This is a novel that demands a lot from its readers. Maazel’s vocabulary can be demanding, and the tone fluctuates from cynically playful (“Time heals all wounds? Ha, ha-ha, ha-ha”) to stiff and informative (though certainly necessary) background on North Korea and related treaties, groups, and innumerable acronyms associated with the Hermit Kingdom. The decision to break traditional narrative with long lists of memories and introspection is a gamble, but one that pays off. Maazel is smart and expects as much from her readers. The form mimics the events of the story; the hostages disappear for much of the novel, and the reader may feel surprised and unsure about his/her emotional connection to these four strangers when they reappear. This has the interesting effect of allowing readers to become Thurlow Dan, if just for a moment: who are these people? What are we doing here? What about our families, our cookies and hot chocolate? The chapter divisions plunge us through disjuncture, resulting in a jarring dreaminess that creates momentum and interest. Maazel anticipates and utilizes her readers’ reactions with talent and grace.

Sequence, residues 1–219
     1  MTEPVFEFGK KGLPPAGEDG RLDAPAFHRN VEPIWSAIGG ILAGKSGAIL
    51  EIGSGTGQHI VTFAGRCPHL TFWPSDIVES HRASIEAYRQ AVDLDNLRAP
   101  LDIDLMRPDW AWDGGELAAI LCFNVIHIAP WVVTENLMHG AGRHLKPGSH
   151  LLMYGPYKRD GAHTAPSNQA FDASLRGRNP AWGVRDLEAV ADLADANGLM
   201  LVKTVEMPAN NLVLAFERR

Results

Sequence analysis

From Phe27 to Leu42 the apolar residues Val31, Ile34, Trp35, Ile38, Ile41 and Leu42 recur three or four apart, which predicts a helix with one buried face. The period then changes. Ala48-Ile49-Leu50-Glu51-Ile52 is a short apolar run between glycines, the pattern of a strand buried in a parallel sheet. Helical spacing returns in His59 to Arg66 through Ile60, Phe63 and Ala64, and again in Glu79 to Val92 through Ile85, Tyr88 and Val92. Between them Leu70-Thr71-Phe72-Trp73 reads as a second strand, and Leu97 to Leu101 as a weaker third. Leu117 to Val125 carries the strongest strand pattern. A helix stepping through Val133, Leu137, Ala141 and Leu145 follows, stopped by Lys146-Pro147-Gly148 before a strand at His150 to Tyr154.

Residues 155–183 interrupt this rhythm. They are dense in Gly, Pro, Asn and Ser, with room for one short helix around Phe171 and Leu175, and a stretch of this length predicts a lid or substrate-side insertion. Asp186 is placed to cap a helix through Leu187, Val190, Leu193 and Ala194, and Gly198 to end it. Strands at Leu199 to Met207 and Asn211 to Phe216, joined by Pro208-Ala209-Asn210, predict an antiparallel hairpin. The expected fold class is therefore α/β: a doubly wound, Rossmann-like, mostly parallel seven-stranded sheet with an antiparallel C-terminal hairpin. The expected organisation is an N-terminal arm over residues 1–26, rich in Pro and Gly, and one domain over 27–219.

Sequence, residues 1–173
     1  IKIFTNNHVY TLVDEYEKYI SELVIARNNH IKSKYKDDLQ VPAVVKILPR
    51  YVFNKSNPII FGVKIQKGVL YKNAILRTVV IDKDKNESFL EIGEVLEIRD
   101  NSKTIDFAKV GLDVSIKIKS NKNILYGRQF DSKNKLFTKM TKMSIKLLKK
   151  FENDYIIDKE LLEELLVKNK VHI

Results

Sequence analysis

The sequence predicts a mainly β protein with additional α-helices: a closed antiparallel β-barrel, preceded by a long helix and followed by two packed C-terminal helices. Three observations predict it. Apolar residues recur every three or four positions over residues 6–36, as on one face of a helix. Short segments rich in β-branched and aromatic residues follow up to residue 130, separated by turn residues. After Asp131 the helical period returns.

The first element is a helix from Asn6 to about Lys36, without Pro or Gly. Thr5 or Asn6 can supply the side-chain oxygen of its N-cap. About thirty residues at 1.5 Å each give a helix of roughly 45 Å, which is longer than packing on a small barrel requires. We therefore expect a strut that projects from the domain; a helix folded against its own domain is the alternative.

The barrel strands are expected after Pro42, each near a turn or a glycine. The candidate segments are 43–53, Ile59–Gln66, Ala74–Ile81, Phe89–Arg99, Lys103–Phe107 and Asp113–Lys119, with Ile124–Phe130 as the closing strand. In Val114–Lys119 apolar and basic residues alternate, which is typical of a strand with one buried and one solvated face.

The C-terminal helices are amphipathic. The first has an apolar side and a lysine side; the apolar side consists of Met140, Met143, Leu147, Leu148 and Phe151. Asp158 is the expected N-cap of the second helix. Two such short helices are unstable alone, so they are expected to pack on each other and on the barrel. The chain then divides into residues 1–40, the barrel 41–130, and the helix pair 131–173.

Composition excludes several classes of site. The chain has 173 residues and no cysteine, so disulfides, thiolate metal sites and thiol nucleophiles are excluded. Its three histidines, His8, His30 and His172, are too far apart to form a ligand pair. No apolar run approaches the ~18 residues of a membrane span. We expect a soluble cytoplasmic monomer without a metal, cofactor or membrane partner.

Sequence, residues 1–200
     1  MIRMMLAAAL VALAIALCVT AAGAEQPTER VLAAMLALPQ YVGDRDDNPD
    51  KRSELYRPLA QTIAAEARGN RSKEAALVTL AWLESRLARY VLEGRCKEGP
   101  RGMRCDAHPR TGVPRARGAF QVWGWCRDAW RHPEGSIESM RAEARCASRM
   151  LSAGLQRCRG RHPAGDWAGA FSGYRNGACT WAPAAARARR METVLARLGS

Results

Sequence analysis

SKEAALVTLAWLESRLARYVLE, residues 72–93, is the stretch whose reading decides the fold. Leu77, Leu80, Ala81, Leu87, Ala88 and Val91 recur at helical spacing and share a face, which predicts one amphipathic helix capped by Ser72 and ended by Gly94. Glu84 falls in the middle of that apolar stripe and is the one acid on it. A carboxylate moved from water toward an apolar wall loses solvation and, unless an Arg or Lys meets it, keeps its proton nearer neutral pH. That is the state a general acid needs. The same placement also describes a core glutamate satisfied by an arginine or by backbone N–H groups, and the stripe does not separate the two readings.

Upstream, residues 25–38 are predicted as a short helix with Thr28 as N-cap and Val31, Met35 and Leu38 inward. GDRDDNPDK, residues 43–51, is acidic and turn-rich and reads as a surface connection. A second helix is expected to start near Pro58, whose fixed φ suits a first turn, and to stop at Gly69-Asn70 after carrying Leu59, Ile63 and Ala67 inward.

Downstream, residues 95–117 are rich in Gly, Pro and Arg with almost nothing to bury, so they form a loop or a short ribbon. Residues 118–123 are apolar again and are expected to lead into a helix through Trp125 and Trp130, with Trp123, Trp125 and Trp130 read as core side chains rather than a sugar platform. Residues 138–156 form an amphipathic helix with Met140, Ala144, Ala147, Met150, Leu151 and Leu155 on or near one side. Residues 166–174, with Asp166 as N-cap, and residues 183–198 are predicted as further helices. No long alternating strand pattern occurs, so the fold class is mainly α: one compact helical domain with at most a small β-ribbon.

That is not to say that the novel doesn’t occasionally veer off from the lusciously eccentric, well-paved road. The brief inclusion of Kim Jong-Il’s perspective is puzzling, and at times Esme and Thurlow seem conflated. For a novel about a cult, I would have liked to see more of the Helix and less of Thurlow’s prostitutes (though they bring some pleasurable, no pun intended, comedic relief). However, Maazel’s impressive imagination and adept use of language make up for these flaws. “Woke Up Lonely” is intelligent, sharply constructed, and unique; an insightful novel that brings both challenges and rewards.

Amy Feltman is currently pursuing her M.F.A. in Fiction at Columbia University. She is working on a novella.

Leave a Reply

Your email address will not be published. Required fields are marked *

Related Posts

Begin typing your search term above and press enter to search. Press ESC to cancel.

Back To Top